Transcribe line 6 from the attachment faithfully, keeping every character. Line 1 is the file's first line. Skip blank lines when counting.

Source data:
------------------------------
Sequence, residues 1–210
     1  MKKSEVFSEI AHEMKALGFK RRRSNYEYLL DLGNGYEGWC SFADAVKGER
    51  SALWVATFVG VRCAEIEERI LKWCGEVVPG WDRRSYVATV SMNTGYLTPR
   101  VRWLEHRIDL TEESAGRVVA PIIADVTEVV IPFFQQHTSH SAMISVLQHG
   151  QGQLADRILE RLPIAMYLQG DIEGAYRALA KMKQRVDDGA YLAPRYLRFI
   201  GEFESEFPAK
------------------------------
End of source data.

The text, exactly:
   201  GEFESEFPAK